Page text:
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  1. Abstract Incorporating fluorescent quantum defects in the sidewalls of semiconducting single-wall carbon nanotubes (SWCNTs) through chemical reaction is an emerging route to predictably modify nanotube electronic structures and develop advanced photonic functionality. Applications such as room-temperature single-photon emission and high-contrast bio-imaging have been advanced through aryl-functionalized SWCNTs, in which the binding configurations of the aryl group define the energies of the emitting states. However, the chemistry of binding with atomic precision at the single-bond level and tunable control over the binding configurations are yet to be achieved. Here, we explore recently reported photosynthetic protocol and find that it can control chemical binding configurations of quantum defects, which are often referred to as organic color centers, through the spin multiplicity of photoexcited intermediates. Specifically, photoexcited aromatics react with SWCNT sidewalls to undergo a singlet-state pathway in the presence of dissolved oxygen, leading to ortho binding configurations of the aryl group on the nanotube. In contrast, the oxygen-free photoreaction activates previously inaccessible para configurations through a triplet-state mechanism. These experimental results are corroborated by first principles simulations. Such spin-selective photochemistry diversifies SWCNT emission tunability by controlling the morphology of the emitting sites.
    Free, publicly-accessible full text available December 1, 2023
  2. Free, publicly-accessible full text available March 10, 2023
  3. Locally Decodable Codes (LDCs) are error-correcting codes for which individual message symbols can be quickly recovered despite errors in the codeword. LDCs for Hamming errors have been studied extensively in the past few decades, where a major goal is to understand the amount of redundancy that is necessary and sufficient to decode from large amounts of error, with small query complexity. Despite exciting progress, we still don't have satisfactory answers in several important parameter regimes. For example, in the case of 3-query LDCs, the gap between existing constructions and lower bounds is superpolynomial in the message length. In this work we study LDCs for insertion and deletion errors, called Insdel LDCs. Their study was initiated by Ostrovsky and Paskin-Cherniavsky (Information Theoretic Security, 2015), who gave a reduction from Hamming LDCs to Insdel LDCs with a small blowup in the code parameters. On the other hand, the only known lower bounds for Insdel LDCs come from those for Hamming LDCs, thus there is no separation between them. Here we prove new, strong lower bounds for the existence of Insdel LDCs. In particular, we show that 2-query linear Insdel LDCs do not exist, and give an exponential lower bound for the lengthmore »of all q-query Insdel LDCs with constant q. For q ≥ 3 our bounds are exponential in the existing lower bounds for Hamming LDCs. Furthermore, our exponential lower bounds continue to hold for adaptive decoders, and even in private-key settings where the encoder and decoder share secret randomness. This exhibits a strict separation between Hamming LDCs and Insdel LDCs. Our strong lower bounds also hold for the related notion of Insdel LCCs (except in the private-key setting), due to an analogue to the Insdel notions of a reduction from Hamming LCCs to LDCs. Our techniques are based on a delicate design and analysis of hard distributions of insertion and deletion errors, which depart significantly from typical techniques used in analyzing Hamming LDCs.« less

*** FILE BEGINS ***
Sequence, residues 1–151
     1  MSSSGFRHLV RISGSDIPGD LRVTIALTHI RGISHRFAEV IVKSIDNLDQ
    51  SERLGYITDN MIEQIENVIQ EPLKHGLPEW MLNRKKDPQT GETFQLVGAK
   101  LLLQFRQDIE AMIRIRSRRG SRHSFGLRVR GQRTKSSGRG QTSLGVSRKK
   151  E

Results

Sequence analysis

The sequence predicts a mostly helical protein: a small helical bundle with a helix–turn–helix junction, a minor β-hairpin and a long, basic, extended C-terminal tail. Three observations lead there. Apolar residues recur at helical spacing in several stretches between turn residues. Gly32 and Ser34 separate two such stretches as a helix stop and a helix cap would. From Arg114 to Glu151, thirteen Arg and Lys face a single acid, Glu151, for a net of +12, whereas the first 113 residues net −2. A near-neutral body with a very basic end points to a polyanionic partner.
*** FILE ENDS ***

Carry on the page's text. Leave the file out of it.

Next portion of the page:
Free, publicly-accessible full text available February 1, 2023
  4. Abstract

    Neurophysiological measurements suggest that human information processing is evinced by neuronal activity. However, the quantitative relationship between the activity of a brain region and its information processing capacity remains unclear. We introduce and validate a mathematical model of the information processing capacity of a brain region in terms of neuronal activity, input storage capacity, and the arrival rate of afferent information. We applied the model to fMRI data obtained from a flanker paradigm in young and old subjects. Our analysis showed that—for a given cognitive task and subject—higher information processing capacity leads to lower neuronal activity and faster responses. Crucially, processing capacity—as estimated from fMRI data—predicted task and age-related differences in reaction times, speaking to the model’s predictive validity. This model offers a framework for modelling of brain dynamics in terms of information processing capacity, and may be exploited for studies of predictive coding and Bayes-optimal decision-making.

  5. Free, publicly-accessible full text available March 2, 2023